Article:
$99K House Series: Core House » Swamplot: Houston's Real Estate Landscape Next featured entry to the $99K House Competition: This design from Houston’s Glassman Shoemake Maldonado Architects. The firm calls its design the Core House: Like many of the existing homes in the Houston neighborhood, the CORE house is a compact, single story structure that uses pier and beam construction. The CORE house is powered by a “core” module, defined as an unchanging, narrow mechanical/plumbing spine. The body can be built to suit a family’s needs, while the CORE remains the same. The core’s versatile design allows it to correspond with small, medium, and large homes. The CORE house’s orientation and window placement allow for cross ventilation from the southeast breezes. Swamplot is featuring home designs by participants in the 99K House Competition sponsored in 2008 by the Rice Design Alliance and the Houston Chapter of the AIA. Images: Glassman Shoemake Maldonado Architects
Redneck Mansion Claim: Photograph shows a "redneck mansion" composed of several linked trailers. Example:[Collected via e-mail, March 2008] This pic is making the rounds on the web as "Redneck Mansion" Is it a real pic or photoshopped? If real, any idea where it's located? Origins: An association with trailers as living spaces may be one of the more common elements of the "redneck" stereotype, but the landscape captured in the photograph displayed above is neither a redneck's idea of a mansion nor some type of low-rent apartment complex. Discover There are 5 standard pavilion options which allow you to build and extend on your bachkitTM as your needs develop. From the total bachkitTM to the guest pavilions there are no hidden costs and construction is fully completed from site inspection to interior finish. Being modular, any of the 5 pavilions can be flipped, turned and stacked together to create endless floor plan configurations. Prices are based on stable and level sites within the metro area of Perth. All options have hardwood decks and pre-finished timber floors for low maintenance and durability. If you are after green options - wind and solar energy packages can be cleverly incorporated with water harvesting and recycling to create a completely self supporting house, unconnected to any grid. Roof lighting provides permanent natural light and ventilation, the buildings are fully insulated and fitted with recessed dimmable down lights both inside and out.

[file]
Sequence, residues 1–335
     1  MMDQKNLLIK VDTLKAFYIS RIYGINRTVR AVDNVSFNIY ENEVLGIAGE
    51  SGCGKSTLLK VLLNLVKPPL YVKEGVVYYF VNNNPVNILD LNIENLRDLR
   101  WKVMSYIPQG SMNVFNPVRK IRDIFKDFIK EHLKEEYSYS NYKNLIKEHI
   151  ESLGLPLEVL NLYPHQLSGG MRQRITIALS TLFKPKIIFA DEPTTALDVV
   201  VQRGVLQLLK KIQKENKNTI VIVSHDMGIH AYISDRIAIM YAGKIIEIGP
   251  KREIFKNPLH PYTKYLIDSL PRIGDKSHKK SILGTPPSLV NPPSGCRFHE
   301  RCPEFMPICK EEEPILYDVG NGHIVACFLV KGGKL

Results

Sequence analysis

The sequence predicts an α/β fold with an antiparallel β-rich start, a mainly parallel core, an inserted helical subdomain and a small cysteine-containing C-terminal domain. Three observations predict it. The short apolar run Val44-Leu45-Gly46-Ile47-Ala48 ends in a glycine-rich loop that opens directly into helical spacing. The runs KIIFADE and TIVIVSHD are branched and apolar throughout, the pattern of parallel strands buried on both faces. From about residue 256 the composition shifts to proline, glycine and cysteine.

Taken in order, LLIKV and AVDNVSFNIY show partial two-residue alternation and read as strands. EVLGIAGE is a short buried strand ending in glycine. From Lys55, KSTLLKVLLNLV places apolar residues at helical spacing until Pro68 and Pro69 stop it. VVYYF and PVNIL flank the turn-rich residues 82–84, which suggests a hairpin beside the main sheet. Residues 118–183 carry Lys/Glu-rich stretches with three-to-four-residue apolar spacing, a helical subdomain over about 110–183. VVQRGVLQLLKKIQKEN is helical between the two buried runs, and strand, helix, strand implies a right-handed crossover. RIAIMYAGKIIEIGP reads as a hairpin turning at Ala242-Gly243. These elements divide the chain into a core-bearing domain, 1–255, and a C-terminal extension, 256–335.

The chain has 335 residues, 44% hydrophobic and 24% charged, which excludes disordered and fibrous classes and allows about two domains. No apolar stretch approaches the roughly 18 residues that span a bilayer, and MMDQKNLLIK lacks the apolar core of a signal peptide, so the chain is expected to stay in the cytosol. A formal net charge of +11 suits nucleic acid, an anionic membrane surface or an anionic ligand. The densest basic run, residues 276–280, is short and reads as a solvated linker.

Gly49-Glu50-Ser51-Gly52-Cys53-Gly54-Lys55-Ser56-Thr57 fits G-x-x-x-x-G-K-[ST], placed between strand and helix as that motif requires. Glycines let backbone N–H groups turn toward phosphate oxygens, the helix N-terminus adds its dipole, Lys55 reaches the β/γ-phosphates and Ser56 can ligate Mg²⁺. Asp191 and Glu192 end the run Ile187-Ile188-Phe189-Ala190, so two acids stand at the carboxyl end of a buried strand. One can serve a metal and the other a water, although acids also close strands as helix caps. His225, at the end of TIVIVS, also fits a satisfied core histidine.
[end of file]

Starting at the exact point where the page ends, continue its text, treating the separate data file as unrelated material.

Shibam Shibam (Arabic: شبام) (often referred to as Shibam Hadhramaut) is a town in Yemen. With about 7,000 inhabitants, it is the seat of the Shibam District in the Hadhramaut Governorate. It is famous for its mudbrick-made tower houses. History The first known inscription about the city dates from the 3rd century AD. It was the capital of the Hadramawt Kingdom. Geography The town is located in the central-western area of Hadhramaut Governorate, in the Ramlat al-Sab`atayn desert. Architecture Overview Shibam, which is now a UNESCO World Heritage Site, owes its fame to its distinct architecture.The houses of Shibam are all made out of mud brick and about 500 of them are tower houses, which rise 5 to 11 stories high, with each floor having one or two rooms. This architectural style was used in order to protect residents from Bedouin attacks. Threats Gallery View of some "skyscrapers"Two buildings on a street inside the town See also References